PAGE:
What I've Been Reading


REFUND by Karen E. Bender

This is my new favorite short story collection. I didn't want this reading experience to end. The stories are unified by themes of money, it's effect on the characters and how they learn to live with or without it. The writing is exquisite and compelling and assures the reader they are in the hands of an accomplished author. 

In "Reunion" a terrifying event occurs when Anna Green attends her twentieth High School Reunion. Afterwards, she begins to notice the fragility of her life and the world around her. "She looked out the window, and all she saw was determined innocence - the bullish SUV's parked in the driveways, testament to dreams of safety, of endless oil; she looked at the houses of her neighbors, flocking here, to the edge of the desert, the only place they could afford in Southern California; she saw the development vanishing violently in a wildfire, in a terrorist attack." Looking for safety, she carelessly tries to bond with someone who shared the traumatic experience. 

In "The Third Child" the protagonist is confronted with an unwanted pregnancy, a third child she did not need or want. "She pressed her lips to her baby girl's soft head, this one she wanted to love, and she understood, clearly, that she did not feel capable of loving a third child. She had given everything to the others." Although she suffers after eliminating the pregnancy, her inner strength wins out, defeating her fear and sadness.

In "Refund" a couple sublet their New York City apartment while they pursue temporary teaching jobs in Virgina. They intend to use the profit they will make to send their three-year-old child to a school they cannot afford when they return to New York. Then 9/11 occurs and the tenant suffers through the tragedy and becomes highly emotional, then demands her money back. "You have forgotten about me. I have not forgotten about you. You were lucky. You were out of town. I had to endure your apartment. I can still feel the dirt on my skin." When the couple and their child return to New York, they realize the damage and terror the city, and especially their tenant, have endured.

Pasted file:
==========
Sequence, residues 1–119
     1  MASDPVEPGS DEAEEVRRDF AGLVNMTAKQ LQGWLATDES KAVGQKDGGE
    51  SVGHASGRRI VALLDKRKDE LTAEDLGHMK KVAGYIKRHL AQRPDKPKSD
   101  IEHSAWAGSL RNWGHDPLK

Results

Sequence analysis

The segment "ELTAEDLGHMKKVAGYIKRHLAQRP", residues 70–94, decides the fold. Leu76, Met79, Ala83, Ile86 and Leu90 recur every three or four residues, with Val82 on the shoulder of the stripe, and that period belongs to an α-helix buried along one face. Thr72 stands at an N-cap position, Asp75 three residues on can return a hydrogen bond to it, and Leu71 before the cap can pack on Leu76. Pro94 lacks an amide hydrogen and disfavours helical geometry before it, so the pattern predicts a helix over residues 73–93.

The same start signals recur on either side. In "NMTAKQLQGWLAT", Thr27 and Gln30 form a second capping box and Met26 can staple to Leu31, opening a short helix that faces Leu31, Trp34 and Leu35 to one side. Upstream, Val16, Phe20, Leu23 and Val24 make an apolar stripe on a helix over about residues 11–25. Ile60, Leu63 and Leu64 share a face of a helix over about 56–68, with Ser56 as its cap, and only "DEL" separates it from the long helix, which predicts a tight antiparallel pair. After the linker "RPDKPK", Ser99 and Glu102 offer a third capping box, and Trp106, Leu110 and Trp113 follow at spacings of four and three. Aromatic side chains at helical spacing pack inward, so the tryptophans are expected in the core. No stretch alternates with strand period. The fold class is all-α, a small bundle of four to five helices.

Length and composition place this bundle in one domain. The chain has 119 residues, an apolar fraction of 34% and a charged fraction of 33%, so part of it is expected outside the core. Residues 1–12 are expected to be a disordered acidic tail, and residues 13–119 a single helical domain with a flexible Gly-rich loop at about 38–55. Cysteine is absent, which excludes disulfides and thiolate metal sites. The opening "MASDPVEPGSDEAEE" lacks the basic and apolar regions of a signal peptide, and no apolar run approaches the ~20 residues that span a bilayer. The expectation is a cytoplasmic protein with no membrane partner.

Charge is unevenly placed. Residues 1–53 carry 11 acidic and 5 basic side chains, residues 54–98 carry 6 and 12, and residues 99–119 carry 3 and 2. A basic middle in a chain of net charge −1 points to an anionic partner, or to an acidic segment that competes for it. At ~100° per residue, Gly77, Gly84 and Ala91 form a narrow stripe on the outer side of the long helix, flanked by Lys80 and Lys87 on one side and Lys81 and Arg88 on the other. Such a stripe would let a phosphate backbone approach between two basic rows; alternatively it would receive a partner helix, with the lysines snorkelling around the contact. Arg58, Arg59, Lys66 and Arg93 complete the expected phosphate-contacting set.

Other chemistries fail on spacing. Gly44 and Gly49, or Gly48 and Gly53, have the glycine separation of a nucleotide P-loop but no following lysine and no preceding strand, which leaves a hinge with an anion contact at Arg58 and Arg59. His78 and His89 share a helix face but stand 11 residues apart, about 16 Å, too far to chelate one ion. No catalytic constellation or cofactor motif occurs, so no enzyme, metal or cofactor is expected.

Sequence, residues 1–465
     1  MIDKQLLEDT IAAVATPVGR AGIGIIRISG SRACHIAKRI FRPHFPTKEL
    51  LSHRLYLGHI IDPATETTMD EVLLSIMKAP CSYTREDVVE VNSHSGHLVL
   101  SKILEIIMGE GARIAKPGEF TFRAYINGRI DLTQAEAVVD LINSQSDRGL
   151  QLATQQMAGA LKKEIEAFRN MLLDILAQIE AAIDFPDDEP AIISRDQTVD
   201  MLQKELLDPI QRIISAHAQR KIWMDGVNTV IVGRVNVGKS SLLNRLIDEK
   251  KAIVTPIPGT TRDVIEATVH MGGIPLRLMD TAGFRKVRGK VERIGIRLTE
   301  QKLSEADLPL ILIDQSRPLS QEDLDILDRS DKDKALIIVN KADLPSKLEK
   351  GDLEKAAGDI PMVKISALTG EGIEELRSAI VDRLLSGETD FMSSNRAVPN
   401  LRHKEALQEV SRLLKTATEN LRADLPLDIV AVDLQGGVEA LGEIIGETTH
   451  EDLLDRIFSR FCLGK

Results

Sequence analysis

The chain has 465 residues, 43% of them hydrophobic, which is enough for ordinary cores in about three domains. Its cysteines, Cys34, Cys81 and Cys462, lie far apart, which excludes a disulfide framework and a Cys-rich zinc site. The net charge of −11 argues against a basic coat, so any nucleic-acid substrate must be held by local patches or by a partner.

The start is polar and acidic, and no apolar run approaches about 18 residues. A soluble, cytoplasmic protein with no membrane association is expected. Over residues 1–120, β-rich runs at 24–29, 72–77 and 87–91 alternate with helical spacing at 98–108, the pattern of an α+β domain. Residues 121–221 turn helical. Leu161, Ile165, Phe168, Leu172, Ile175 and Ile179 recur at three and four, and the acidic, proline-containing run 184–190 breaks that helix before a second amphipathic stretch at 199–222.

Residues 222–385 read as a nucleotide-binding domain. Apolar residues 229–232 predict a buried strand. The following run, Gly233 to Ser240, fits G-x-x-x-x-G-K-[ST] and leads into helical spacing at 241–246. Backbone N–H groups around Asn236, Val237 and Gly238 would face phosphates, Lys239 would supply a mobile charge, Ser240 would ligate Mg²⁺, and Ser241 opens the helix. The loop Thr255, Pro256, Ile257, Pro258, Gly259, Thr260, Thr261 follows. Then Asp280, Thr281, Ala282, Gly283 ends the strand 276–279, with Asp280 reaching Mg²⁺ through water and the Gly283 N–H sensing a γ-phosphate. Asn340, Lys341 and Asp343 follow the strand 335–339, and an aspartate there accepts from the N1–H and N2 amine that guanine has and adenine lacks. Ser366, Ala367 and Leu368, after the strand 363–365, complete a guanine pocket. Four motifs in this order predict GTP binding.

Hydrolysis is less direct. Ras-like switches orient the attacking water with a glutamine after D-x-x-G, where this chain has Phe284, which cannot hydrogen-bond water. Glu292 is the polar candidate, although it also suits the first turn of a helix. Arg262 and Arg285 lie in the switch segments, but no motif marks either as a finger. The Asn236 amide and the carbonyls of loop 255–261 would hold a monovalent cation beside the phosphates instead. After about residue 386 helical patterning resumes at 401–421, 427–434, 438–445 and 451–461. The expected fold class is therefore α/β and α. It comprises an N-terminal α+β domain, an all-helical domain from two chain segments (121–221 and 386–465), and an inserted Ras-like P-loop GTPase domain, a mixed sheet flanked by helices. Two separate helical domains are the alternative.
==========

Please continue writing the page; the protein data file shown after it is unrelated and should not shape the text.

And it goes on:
The language in all of these stories is mesmerizing. It will draw you in, pin you in place, and you will finish craving more.



WE NEED NEW NAMES by NoViolet Bulawayo

NoViolet Bulawayo has produced a novel both intimate and immediate to our times. From beginning to end her story is elegant and deeply informed. It is hard to believe this is a debut novel as Bulawayo's writing is  brilliantly assured and accomplished.

It begins in Zimbabwe as seen through the eyes of ten-year old Darling and her friends. The world they navigate is terrifying in it's brutality but these scenes contrast with the children's humor and endurance. 

Halfway through the novel Darling moves to America and we see it all fresh through her eyes. The book raises questions about what it means to be American or to be African, questions that can't be answered. But we do discover insight on what it means to be an immigrant in modern day America.

This book is so poignant I can not do it justice here on this page. Just read it. You won't be disappointed.


THE ISLE OF YOUTH by Laura Van Den Berg

I must confess that I am partial to short stories, their ability to hone in on a character and take you for a ride in a moment of their life. Laura Van Den Berg has nailed the art of short story telling in this crazy-good collection. These are stories of women who have failed somewhere in life and are struggling to stay above the surface. They are all distinct voices, but share a common thread of questioning, searching for a happy ending. I was wrapped in each one of their worlds and left them only reluctantly.

In The Isle of Youth, twin sisters reunite under questionable circumstances, but both are running away from something dark.

In Opa-Locka, two sisters are weighed down with a past that ripped their family apart and we wonder if either one will survive.